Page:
The BSB Handbook remains the definitive guide of what to tell us, but this page aims to provide a summary of the most common matters which should be reported.

For barristers

As an individual barrister, you should report:

  • your own serious misconduct (see rule rC65 and associated guidance) using our reporting form;
  • the serious misconduct of others (see rule rC66) using our reporting form;
  • if you are in an association with others (see rC80) using our reporting form;
  • if you are made bankrupt or have bankruptcy proceedings initiated (see rC65) using our reporting form; you are also required to report various other insolvency matters.
  • if you are disqualified from being a director. (rC65)
  • if another regulator takes action against you (rC65)
  • if you undertake work in the Youth Court, you are required to declare that you are competent to do so. You can inform us by updating your details in MyBar
  • when a piece of information we collect at Authorisation to Practise changes; for example, if you move where you practice from. You must promptly update your details through MyBar.

This list is not exhaustive. As a barrister it is your responsibility to know what information you are required to report to us.

For Entities

Entities have additional requirements to report any material changes to the entity. For example, whether the number of owners or managers in your entity has changed. You can update your details by emailing [email protected].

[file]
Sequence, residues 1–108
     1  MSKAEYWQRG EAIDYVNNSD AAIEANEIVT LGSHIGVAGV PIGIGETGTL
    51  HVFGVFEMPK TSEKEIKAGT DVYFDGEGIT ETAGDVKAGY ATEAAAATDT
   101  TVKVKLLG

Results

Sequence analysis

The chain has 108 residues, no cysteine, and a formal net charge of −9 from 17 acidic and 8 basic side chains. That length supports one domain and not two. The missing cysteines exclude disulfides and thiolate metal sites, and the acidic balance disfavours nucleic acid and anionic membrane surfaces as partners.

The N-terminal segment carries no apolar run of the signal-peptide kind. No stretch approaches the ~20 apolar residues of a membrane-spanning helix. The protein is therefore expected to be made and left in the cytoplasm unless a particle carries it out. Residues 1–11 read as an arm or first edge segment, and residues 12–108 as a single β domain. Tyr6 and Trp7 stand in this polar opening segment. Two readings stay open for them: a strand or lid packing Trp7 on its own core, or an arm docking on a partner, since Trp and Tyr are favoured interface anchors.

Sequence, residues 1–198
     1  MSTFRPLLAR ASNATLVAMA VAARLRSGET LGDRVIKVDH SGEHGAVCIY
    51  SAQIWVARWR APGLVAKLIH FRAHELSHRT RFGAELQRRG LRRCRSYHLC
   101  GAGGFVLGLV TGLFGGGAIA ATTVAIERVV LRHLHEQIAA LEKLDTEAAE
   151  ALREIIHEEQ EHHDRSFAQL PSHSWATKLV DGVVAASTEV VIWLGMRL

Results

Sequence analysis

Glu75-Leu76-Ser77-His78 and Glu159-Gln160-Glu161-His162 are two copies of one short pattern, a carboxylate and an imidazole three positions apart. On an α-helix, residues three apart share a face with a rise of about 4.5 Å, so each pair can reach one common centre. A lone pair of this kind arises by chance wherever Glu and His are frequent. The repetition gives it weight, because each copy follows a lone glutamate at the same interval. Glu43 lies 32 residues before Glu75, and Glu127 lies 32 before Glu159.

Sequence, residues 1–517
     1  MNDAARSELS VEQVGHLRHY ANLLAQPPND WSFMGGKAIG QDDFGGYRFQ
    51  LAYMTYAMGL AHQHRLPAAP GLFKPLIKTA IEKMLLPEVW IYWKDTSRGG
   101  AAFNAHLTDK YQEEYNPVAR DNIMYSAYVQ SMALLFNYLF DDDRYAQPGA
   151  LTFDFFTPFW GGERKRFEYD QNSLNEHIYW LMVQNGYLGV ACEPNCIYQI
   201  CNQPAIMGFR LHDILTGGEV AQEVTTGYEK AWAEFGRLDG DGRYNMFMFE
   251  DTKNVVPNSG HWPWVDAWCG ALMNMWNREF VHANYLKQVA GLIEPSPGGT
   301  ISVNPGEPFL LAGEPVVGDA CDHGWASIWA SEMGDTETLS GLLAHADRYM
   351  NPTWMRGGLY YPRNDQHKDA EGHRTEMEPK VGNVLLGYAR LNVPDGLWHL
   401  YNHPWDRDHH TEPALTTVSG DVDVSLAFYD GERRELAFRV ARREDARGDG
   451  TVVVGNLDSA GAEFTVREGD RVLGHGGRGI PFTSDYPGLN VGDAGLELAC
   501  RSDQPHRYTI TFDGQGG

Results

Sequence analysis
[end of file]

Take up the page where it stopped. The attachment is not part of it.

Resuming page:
What to expect when reporting yourself or another

If you report your own conduct, or the conduct of another barrister to us, a member of our Contact and Assessment Team will assess the information. They may contact you if they require more information to complete their assessment.

We assess information to decide the risk it presents. Depending on the level of risk, we can take different types of action. Action we take can include:

  • sending an informal letter (for example, telling you, or another barrister, to stop doing something, or start doing something);
  • working with organisations or individuals to rectify something;
  • carrying out a formal investigation into the conduct. This may result in a referral to our Independent Decision Making Body or the issuing of a fine.

Read more about how we deal with reports of concerns about barristers and our approach to supervision.

We may also decide to take no action at a particular time.